Today's unemployment news was generally good: we're still losing jobs, but we're not losing them as fast as we have been.  For now, at least, it looks like the stimulus is having an effect and the economy might be getting ready to improve.

But there are still some disturbing signs, and CBPP shows one of them in the chart on the right: job losses may be slowing, but the number of long-term unemployed is at a record high, way above even the peak it hit during the 1981 recession.

I'm not entirely sure what to make of this, but for some reason it reminded me of this article on the front page of the New York Times today:

Digging out of debt keeps getting harder for the unemployed as more companies use detailed credit checks to screen job prospects.

....Once reserved for government jobs or payroll positions that could involve significant sums of money, credit checks are now fast, cheap and used for all manner of work. Employers, often winnowing a big pool of job applicants in days of nearly 10 percent unemployment, view the credit check as a valuable tool for assessing someone’s judgment.

But job counselors worry that the practice of shunning those with poor credit may be unfair and trap the unemployed — who may be battling foreclosure, living off credit cards and confronting personal bankruptcy — in a financial death spiral: the worse their debts, the harder it is to get a job to pay them off.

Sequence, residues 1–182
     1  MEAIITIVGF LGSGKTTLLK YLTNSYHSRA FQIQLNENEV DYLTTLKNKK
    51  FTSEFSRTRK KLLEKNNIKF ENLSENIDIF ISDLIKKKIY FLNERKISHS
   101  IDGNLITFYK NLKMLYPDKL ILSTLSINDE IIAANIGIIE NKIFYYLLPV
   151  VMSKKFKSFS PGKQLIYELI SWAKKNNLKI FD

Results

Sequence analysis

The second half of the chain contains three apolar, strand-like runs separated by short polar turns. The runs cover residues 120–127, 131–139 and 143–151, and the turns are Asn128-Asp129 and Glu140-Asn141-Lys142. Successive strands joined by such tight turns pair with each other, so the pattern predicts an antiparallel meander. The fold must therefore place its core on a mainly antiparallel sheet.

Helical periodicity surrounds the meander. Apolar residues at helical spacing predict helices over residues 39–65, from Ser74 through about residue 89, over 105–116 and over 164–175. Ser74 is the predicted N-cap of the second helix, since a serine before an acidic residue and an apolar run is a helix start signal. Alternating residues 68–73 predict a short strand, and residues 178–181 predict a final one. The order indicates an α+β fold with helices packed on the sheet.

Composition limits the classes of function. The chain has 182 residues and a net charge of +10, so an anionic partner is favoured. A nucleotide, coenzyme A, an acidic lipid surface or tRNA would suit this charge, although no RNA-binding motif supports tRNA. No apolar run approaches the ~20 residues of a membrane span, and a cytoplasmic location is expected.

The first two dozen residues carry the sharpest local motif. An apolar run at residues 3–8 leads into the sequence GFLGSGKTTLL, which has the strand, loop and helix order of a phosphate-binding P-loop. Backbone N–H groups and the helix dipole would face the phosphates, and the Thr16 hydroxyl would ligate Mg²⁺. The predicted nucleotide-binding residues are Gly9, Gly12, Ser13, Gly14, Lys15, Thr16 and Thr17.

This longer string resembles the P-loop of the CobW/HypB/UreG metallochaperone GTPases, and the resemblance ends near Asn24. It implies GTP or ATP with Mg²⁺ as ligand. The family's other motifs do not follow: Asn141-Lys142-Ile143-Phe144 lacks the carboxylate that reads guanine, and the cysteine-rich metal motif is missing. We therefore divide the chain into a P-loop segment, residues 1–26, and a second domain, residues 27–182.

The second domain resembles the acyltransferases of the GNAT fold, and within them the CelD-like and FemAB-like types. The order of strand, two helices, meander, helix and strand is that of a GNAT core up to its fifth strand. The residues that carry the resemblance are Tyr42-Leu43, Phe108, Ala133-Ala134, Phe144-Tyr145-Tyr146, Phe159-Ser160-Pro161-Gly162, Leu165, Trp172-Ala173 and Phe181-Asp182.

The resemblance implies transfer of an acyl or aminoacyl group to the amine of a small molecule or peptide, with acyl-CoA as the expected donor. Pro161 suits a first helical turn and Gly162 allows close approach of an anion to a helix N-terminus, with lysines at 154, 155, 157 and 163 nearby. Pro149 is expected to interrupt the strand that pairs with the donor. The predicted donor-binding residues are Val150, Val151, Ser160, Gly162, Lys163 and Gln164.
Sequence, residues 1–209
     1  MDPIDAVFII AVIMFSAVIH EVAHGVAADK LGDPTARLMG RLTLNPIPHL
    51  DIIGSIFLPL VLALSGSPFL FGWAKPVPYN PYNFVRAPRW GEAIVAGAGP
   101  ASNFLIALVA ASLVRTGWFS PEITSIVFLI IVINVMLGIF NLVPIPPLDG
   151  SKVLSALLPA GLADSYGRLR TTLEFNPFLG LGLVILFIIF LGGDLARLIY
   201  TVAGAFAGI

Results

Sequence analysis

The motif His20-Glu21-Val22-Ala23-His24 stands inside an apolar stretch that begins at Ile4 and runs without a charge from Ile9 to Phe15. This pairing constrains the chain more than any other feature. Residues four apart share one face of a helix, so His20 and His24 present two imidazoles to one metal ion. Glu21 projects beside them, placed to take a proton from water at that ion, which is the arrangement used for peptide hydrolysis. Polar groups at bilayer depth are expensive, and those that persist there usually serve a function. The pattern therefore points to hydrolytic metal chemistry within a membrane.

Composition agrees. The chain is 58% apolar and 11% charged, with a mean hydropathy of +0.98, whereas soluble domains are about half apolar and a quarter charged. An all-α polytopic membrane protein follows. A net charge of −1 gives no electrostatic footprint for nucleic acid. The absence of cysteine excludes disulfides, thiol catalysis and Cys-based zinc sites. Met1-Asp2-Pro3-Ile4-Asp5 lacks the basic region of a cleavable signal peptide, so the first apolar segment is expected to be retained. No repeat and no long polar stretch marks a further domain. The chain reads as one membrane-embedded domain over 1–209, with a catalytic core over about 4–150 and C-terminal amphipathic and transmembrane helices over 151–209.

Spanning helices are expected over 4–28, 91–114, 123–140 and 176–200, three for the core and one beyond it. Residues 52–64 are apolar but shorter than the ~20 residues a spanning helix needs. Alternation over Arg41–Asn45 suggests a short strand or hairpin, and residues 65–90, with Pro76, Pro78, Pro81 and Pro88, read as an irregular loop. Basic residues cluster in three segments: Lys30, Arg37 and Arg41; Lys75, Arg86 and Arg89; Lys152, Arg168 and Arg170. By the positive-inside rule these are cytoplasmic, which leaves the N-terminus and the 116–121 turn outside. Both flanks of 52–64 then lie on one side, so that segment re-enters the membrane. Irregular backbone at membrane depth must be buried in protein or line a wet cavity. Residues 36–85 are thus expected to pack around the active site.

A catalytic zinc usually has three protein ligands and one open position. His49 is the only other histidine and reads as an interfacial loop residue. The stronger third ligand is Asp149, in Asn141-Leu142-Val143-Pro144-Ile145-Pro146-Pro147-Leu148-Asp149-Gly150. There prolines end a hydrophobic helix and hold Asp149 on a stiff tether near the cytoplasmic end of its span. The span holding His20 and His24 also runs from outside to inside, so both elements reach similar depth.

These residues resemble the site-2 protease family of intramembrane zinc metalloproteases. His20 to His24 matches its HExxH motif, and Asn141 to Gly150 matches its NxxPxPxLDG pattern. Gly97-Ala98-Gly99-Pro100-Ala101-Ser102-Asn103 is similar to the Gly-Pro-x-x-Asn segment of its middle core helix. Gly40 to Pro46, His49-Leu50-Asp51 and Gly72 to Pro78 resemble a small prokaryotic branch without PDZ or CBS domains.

This is, admittedly, the equivalent of a single anecdote in the broader economic picture, but I continue to worry that a cluster of trends are converging to produce a larger class of the permanently unemployed than we've had in the past.  It's possible that I'm just worrying too much.  But this recession has affected the poorly educated way worse than high school and college grads; it's hit men worse than women; things like poor credit or a felony conviction seem to have become nearly permanent black marks; and unskilled jobs are continuing to dwindle despite a big drop in the illegal immigrant population.

I don't want to push this theme too far because I haven't yet done the work to really get a reliable sense of what's going on.  But I wonder, when this recession is finally over, if we're going to find ourselves in a European-esque mode with a large and growing population that's almost continually unemployed or, at best, underemployed.  More later.